This GUI, as depicted in Figure 7, was developed under ROS, by using the QT RQT (2019) based framework for GUI development for ROS. On the left side, the desired positions of the objects to be placed in the 3 × 3 arena are depicted. On the right side, the positions of the objects are depicted, obtained from the captured image when the older adult finishes his play. In the middle are the start and stop buttons, the scoring information, along with a numerical help feature for older adults who get confused during the play (this shows, in the GUI, a number at each of the squares, which matches the number in the floor arena). In the bottom part of the GUI is the calibration of the system, possible choices for the configuration of the system (position of the camera relative to the arena), and the choice of the type of game. This GUI is used for the three games, since the main difference is the type of objects that are used in each game.

3.4. The Developed App to Control the Robot

To control the robot, an Android based application was developed after several iterations from older adults’ institutions with which the authors collaborated. From the several options that could be implemented, an Android based with commands on the touch screen was chosen, to the detriment of a joystick based command, as depicted in Figure 8. The tablet based with the move commands (front, backwards, rotate left, rotate right) on the leftmost and rightmost sides of the screen was chosen after older adults’ and nursing homes staff recommendations, mainly to keep both hands occupied, as depicted in Figure 9. In the middle of the screen, the buttons to command the one degree of freedom arm is depicted, and the magnetic gripper to grab the objects. The four middle buttons are to command the arm to the lower and upper positions, right side, and to grasp (’AGARRAR’ button) or leave (’LARGAR’ button) the object.
Controlling the robot with the tablet is a complex challenge for older adults because the robot command is based on eight buttons on a tablet screen. For that, they must train the fine motor skills in the fingers. Moreover, the hand–eye coordination must also be trained along with the depth perception. Although difficult, older adults loved to play with the robot and have performed quite well with the tablet.
A last note that needs to be mentioned is that the authors dropped written commands, and used mainly figures that better describe the action commands, due to older adults’ illiteracy.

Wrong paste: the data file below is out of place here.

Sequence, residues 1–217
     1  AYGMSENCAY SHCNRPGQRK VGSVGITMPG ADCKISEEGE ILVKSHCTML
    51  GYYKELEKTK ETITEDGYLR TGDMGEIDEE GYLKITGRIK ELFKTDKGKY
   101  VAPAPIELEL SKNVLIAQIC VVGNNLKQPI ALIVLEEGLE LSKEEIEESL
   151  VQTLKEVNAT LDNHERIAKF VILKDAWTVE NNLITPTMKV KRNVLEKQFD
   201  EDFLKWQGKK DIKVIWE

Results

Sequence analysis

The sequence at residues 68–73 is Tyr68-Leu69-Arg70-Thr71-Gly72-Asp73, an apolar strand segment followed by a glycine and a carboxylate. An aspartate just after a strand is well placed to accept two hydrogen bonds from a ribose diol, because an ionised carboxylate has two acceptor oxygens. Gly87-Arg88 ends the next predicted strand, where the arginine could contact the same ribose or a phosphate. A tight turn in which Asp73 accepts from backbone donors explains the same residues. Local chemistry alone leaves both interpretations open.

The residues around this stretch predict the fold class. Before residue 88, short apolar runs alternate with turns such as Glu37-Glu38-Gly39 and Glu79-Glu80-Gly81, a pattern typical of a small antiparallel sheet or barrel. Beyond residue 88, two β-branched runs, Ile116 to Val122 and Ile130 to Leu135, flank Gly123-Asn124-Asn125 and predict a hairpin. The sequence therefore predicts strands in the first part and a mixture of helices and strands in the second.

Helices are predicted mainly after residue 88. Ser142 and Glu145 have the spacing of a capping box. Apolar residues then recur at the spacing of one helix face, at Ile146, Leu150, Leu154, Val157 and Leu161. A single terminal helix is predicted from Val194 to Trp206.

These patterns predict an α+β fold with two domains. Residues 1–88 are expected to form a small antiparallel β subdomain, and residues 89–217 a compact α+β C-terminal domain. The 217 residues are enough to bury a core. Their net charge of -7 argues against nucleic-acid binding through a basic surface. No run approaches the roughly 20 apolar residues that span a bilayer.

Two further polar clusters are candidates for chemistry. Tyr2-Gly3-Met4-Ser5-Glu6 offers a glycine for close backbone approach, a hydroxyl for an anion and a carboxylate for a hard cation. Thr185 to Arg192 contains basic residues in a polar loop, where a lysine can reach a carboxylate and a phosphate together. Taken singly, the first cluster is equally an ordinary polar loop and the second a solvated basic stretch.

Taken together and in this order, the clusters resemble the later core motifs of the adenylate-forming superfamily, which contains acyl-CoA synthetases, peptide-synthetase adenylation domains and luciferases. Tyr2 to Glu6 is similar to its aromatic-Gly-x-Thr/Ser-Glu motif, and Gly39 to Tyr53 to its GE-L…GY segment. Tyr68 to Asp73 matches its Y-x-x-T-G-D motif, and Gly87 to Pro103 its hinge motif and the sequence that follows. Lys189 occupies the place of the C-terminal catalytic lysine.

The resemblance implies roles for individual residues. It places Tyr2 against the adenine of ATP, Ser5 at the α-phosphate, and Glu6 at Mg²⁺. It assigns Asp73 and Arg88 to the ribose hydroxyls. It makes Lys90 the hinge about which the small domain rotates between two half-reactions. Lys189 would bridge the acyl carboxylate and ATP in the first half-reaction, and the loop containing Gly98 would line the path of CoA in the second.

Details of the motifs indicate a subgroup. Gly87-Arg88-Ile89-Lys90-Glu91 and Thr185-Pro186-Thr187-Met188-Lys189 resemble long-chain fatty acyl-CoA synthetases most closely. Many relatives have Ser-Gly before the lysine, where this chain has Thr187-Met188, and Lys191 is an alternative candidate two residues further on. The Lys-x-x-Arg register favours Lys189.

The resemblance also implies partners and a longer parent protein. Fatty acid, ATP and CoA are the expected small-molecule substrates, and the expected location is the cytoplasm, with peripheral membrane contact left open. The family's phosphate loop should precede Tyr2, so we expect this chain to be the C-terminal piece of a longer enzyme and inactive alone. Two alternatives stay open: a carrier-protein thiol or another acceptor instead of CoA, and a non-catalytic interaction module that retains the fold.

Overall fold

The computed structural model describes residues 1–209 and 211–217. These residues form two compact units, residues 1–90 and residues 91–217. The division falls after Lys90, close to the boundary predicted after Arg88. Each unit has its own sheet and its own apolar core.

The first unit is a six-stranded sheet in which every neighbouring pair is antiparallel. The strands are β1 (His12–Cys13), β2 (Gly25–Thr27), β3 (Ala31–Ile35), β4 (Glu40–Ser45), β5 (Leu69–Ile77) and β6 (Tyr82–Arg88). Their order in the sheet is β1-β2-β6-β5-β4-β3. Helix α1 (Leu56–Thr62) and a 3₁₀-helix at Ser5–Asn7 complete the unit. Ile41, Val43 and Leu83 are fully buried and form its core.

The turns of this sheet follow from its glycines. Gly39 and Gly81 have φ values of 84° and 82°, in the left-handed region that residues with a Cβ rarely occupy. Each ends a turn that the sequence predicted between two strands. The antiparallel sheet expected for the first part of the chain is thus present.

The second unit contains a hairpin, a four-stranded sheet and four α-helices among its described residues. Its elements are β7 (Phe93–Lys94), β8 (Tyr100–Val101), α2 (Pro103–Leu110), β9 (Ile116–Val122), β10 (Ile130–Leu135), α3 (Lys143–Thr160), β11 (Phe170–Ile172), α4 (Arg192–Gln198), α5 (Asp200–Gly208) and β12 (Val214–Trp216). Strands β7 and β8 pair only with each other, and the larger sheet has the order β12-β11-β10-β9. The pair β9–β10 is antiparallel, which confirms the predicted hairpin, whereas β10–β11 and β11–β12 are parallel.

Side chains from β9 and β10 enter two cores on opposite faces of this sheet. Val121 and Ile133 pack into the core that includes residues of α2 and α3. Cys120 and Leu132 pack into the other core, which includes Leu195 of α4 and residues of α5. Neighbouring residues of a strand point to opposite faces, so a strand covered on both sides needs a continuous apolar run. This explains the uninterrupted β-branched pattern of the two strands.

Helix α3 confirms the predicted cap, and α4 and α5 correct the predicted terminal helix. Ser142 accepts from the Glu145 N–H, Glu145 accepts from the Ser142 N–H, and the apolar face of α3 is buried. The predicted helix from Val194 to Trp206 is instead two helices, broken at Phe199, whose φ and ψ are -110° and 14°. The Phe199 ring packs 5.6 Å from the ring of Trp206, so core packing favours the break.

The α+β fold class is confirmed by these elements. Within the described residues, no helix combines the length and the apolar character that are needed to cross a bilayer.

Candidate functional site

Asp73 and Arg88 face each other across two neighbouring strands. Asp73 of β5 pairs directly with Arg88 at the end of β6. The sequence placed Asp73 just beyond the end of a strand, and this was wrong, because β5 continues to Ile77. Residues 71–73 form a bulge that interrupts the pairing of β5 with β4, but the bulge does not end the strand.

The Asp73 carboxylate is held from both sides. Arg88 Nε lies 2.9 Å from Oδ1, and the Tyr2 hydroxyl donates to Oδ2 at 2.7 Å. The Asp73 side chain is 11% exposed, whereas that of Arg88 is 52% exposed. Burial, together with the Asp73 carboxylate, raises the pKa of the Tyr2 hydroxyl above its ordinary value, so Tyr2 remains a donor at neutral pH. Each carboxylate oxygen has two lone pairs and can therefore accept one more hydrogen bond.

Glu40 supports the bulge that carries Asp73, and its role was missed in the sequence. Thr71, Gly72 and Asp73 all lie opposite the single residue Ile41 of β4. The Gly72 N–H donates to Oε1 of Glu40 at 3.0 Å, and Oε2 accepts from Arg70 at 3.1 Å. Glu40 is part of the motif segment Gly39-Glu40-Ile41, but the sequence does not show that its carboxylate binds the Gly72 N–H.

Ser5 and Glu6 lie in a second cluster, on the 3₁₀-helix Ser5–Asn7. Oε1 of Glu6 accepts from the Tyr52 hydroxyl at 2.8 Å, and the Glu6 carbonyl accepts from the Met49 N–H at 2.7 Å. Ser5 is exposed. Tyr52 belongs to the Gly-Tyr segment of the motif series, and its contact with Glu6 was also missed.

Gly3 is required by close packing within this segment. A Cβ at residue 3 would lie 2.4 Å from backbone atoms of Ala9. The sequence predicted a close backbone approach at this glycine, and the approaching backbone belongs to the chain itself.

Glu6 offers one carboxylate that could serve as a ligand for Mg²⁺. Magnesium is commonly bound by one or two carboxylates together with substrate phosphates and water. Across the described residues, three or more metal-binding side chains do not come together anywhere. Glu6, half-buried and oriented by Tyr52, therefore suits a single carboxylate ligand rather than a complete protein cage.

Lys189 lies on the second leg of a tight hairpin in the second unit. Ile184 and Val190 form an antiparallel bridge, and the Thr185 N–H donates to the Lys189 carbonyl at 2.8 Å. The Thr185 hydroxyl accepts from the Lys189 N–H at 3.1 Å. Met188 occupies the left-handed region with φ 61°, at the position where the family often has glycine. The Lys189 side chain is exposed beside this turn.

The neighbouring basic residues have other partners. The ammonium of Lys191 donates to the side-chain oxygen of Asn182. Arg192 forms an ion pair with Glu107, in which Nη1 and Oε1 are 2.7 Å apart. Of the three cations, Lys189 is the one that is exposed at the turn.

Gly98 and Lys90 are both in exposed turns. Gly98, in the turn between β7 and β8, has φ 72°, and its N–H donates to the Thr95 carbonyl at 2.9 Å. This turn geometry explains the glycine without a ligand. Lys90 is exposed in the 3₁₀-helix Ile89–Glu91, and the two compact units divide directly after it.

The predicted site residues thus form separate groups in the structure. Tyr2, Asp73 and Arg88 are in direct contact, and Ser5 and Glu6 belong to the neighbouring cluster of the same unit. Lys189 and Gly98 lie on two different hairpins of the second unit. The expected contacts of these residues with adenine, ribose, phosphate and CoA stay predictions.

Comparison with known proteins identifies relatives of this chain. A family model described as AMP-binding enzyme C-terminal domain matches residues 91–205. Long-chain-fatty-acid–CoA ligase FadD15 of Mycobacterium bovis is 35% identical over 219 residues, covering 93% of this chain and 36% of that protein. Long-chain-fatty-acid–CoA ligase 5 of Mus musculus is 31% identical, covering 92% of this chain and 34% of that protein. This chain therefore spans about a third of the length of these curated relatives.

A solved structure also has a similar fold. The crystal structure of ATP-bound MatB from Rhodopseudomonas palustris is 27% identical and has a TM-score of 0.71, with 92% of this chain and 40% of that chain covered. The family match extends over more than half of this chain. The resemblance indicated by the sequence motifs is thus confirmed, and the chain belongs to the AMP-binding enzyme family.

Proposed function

4. Older Adults Behavior Characterization Methodology and the Robotic Cognitive Games

In this section, the methodology used to characterize older adults’ behavior prior to, during the games, and after several sessions of game playing is described.
Within the scope of the research work, the participants selected for the experimental group were subjected to a brief psychological evaluation, performed prior to the games session.
Subsequently, four sessions, with the use of robotic cognitive games, were performed. To evaluate the gains from participation in these sessions, the participants were psychologically re-evaluated, with the same previous methods.

4.1. Participant Inclusion Criteria

For selecting participants for the research work and the experiments performed in this paper, the following criteria were applied:
  • People living in the municipality of “Vila Velha de Ródão”,
  • People who attend one of the services of “Santa Casa da Misericórdia de Vila Velha de Ródão”: ‘residential structure’ or ‘day center’,
  • People interested in participating in the research work,
  • Persons aged 65 or over,
  • People without cognitive decline,
  • People with or without depressive symptomatology,
  • Illiterate or schooled people.
Using this criteria, a small group was chosen for a first evaluation of the robotic cognitive games setup, presented in this paper. Five older adults were chosen that filled all the criteria, and the most ranked in the criteria ‘People interested in participating in the research work’.

4.2. Evaluation Protocol

The evaluation protocol, was done in three time periods, i.e., prior to, during and after the robotic cognitive game play.
The prior psychological assessment protocol included the: